Tuesday, March 02, 2004

Oscar, oscar, oscar pt. 2

So of course Sean Penn is getting some pipe for his clearly unprepared Oscar acceptance speech, which opened with "One thing actors know, besides the fact that there were no WMD's..." But waitaminit! There were no WMD's! And people who suggested there weren't were being called traitors!

Who's turned out to be smarter: George W. Bush or Jeff Spicoli? Both seemed to have had the same high school record.

Ananotherthing... Think of those technical guys holed away in computer labs, basements and workshops, slaving away to devlop some new motion capture system or way to keep a handheld camera from shaking. Finally, your hard work pays off and you're going to the little dinner where the Academy gives out the technical Oscar. And there's Charlize Theron, happy to be handing out the awards. Wouldn't you wish you could pull a Brody and plant a big wet kiss on her, too?

Monday, March 01, 2004

Oscar, Oscar?, Oscar!

Despite my affected cynicism, I'm just a sucker for the Academy Awards. I usually think of myself as being able to reliably pick the minor and technical awards based on previous observations (which I'll summarize below). But had I gotten up the gumption to enter, say, the Outguess Ebert contest, I would never have thought to punch a straight party ballot for "Lord of the Rings." Wanna bet the winners of these contests are all D&D geeks who will watch their DVD prizes on a player balanced atop the 13" TVs in their parents' basements? Sorry, I'm stereotyping, but only because I have too much in common with them anyway.

Every year we have the complaints and jokes about the Oscar broadcast going on too long, and the Academy reacts by cutting the alloted time for recipeints to give their thank-yous. But let's see, they gave out 24 awards this year; if each winner got a whole 'nother minute to talk--and most wouldn't use it all--that would add less than half an hour to the proceedings. That would be time better spent dispensing with that terrible "Oscar Count-Down" that ABC had on at the announced start time of 7 pm, where Joan Rivers wannabes with microphones badgered whatever actor was unfortunate enough to be seated near the aisle. Even Keisha Castle-Hughes seemed mortified at being introduced to her movie-star crush, Johnny Depp.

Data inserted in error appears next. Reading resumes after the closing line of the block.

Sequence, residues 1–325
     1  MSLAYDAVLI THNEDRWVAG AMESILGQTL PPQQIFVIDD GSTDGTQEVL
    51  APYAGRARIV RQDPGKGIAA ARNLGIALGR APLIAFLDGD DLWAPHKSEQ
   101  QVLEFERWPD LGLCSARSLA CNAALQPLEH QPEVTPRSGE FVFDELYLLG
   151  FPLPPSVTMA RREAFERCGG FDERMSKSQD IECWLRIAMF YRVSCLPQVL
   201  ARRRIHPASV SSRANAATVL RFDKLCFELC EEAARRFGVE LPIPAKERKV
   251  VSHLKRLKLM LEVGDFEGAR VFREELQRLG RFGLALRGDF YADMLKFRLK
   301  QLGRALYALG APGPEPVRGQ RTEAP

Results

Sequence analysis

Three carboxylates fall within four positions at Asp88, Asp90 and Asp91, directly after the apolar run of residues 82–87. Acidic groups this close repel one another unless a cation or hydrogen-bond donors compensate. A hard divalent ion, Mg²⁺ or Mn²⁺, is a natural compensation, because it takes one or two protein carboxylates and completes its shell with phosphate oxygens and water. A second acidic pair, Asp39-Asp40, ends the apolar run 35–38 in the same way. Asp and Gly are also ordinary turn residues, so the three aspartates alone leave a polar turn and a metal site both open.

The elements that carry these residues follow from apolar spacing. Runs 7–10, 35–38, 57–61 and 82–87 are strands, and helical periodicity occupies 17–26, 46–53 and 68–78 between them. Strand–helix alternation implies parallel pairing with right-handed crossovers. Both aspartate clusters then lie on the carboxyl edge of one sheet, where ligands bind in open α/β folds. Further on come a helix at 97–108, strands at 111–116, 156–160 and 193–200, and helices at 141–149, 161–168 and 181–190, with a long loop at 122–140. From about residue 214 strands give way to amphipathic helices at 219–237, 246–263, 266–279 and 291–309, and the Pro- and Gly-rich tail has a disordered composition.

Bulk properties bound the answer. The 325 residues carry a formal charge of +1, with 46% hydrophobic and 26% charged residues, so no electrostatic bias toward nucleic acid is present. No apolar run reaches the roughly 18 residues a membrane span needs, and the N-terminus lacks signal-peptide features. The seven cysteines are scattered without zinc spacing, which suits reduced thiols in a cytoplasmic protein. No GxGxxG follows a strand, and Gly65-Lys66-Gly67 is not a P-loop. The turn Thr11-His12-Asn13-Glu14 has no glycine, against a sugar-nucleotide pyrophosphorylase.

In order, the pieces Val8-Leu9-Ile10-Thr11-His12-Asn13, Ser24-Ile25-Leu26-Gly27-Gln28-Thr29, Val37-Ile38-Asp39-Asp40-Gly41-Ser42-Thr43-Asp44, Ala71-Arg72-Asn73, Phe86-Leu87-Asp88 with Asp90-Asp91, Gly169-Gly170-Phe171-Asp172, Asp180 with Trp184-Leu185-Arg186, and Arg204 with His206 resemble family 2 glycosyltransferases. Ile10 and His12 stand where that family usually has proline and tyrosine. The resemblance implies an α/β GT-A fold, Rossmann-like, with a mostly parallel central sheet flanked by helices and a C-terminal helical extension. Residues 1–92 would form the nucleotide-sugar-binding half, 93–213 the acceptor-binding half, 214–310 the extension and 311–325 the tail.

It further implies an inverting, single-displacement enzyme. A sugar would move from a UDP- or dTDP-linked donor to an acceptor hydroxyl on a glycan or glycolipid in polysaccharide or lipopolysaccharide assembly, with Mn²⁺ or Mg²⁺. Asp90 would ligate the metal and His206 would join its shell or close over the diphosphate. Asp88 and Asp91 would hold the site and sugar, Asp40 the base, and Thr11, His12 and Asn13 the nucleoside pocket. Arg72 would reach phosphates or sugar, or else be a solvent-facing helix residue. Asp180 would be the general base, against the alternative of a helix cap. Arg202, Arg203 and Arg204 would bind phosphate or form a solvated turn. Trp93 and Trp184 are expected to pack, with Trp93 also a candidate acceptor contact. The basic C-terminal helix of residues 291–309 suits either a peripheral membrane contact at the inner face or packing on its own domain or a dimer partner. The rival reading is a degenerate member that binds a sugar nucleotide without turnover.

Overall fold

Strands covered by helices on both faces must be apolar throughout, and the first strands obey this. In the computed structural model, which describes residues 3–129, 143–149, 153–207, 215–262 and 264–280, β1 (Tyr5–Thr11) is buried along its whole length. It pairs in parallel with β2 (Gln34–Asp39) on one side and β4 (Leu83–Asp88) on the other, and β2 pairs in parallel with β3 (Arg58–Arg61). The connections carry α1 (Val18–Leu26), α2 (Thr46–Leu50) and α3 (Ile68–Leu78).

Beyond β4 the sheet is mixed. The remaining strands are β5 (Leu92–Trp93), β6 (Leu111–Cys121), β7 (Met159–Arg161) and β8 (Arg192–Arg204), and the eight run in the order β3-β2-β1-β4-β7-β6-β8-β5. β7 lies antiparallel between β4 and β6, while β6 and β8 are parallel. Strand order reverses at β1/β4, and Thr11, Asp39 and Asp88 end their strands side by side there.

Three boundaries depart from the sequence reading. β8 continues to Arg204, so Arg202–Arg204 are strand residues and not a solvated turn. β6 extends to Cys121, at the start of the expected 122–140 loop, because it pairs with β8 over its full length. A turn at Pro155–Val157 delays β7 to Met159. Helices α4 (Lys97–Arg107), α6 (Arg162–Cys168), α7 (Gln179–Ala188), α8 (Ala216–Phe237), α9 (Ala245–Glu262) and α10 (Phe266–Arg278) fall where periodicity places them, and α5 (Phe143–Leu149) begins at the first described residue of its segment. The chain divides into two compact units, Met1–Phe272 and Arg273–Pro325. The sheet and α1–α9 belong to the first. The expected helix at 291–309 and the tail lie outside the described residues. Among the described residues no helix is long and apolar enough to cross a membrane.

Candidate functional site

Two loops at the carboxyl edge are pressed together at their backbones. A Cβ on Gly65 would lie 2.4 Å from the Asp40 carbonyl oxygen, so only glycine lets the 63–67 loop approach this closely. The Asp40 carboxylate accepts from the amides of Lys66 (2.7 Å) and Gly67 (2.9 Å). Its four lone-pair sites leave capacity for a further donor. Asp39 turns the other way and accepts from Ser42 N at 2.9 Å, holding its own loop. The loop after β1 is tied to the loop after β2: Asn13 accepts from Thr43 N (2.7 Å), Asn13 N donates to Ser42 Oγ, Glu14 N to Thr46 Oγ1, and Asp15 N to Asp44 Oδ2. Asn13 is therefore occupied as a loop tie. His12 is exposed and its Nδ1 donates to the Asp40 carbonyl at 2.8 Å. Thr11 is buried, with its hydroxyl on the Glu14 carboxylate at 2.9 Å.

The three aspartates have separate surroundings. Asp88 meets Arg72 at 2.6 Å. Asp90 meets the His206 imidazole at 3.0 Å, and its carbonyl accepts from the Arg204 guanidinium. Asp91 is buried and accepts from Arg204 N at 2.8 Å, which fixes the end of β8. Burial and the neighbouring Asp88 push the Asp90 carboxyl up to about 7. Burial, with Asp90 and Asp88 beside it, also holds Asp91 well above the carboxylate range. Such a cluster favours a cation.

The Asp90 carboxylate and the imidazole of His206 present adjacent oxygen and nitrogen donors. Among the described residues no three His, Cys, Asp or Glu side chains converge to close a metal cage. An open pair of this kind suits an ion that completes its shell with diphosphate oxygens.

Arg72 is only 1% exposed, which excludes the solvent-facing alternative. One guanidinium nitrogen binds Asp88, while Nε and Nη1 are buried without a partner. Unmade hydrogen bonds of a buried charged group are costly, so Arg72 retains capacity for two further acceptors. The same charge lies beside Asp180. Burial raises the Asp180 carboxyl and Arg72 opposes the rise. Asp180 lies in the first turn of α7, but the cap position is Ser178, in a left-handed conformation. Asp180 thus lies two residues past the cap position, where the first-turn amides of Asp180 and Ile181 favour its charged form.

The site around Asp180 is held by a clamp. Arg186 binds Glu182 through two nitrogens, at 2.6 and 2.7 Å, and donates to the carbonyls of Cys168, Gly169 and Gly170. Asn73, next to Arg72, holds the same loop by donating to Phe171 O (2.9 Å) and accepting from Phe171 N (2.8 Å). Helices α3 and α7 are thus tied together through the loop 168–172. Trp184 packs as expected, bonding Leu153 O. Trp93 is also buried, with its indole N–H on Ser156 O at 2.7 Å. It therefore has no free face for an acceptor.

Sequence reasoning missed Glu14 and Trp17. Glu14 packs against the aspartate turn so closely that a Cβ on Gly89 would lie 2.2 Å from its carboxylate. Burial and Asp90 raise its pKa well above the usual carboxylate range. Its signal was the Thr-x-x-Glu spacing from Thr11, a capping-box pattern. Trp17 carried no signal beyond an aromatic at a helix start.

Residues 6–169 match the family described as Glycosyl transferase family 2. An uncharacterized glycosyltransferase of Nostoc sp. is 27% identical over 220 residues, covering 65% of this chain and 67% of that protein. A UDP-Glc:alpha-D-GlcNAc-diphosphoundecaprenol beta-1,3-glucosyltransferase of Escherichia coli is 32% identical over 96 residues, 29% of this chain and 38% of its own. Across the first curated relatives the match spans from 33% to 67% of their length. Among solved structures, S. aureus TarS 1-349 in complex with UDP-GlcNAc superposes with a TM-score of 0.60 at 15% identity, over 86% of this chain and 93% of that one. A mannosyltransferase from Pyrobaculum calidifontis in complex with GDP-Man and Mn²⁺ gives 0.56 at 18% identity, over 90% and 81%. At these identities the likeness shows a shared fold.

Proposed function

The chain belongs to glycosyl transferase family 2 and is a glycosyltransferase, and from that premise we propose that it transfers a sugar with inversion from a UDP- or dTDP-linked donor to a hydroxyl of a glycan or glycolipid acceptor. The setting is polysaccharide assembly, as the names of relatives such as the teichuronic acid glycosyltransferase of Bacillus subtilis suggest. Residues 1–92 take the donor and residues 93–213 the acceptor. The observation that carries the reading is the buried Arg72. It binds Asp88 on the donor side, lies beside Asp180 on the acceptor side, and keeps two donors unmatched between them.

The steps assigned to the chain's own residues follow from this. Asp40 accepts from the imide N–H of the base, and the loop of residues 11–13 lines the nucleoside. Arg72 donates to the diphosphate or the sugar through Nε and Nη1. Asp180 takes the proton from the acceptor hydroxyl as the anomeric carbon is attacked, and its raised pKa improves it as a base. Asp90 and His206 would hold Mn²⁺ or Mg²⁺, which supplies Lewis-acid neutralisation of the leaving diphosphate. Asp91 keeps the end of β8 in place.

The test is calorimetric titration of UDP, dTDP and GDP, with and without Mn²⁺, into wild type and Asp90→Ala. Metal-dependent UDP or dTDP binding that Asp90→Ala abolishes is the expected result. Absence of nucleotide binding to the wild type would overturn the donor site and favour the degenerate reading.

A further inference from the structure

Another place they could have cut the time was Billy Crystal's song montage. After 13 times, we're all coming up with funnier songs before he does. Add that to the half-hour "count-down," and it was 50 minutes before the first award.

Another dead spot came when they clustered the tributes and the Special Award in the middle. As Mark Evanier blogged, a montage of Bob Hope's hosting clips might leave one wondering whether the guy made any movies, and ending it with a shot of him standing up from his seat in what appeared to be the Kodak theatre looked like it was another cheesy posthumous computer effect done for no reason.

Other things I notice they've done away with in the interest of time:

  • The Irving Thalberg Award
  • The Jean Herscholt Humanitartian Award
  • The accountants who read the official balloting procedure
  • The practice of having the voiceover announcer introduce some star who, in turn, introduced the presenters. That was a big time-waster that was nothing but an ego-stroke for the presenters.

And they could stand to go to commercial without the instant replay of the people who just won.

Oh, yeah. My favorite moment was hearing Adrien Brody practicing his pucker before announcing the Best Actress winner.

Gotta go for now. I'll eplain my Oscar picking skills in a later posting.

A Flash at the Bell

So today's the day the place I work at merged with Moore Wallace and changed its stock ticker from DNY to RRD. To commemorate the event, our office was invited to the posh lounge to watch our new CEO ring the opening bell at the new York Stock Exchange, an honor already bestowed to the likes on Martha Stewart, Vince McMahon and Stone Cold Steve Austin, and Mr. Potato Head.

We're gathered around CNBC, waiting for the big moment. The announcer mumbles something about the merger. The CEO steps up to the bell. Two dings... CUT to the opening bell being rung at the NASDAQ.

That was it. Janet Jackson's boob got more airtime than this big event.

And if you click on the stock symbol link, you'll shortly see that most of the online stock market sites have no historical chart information for this "new" company. Oh, yes... the style guide says that on first reference, it's always the "tech-heavy" NASDAQ.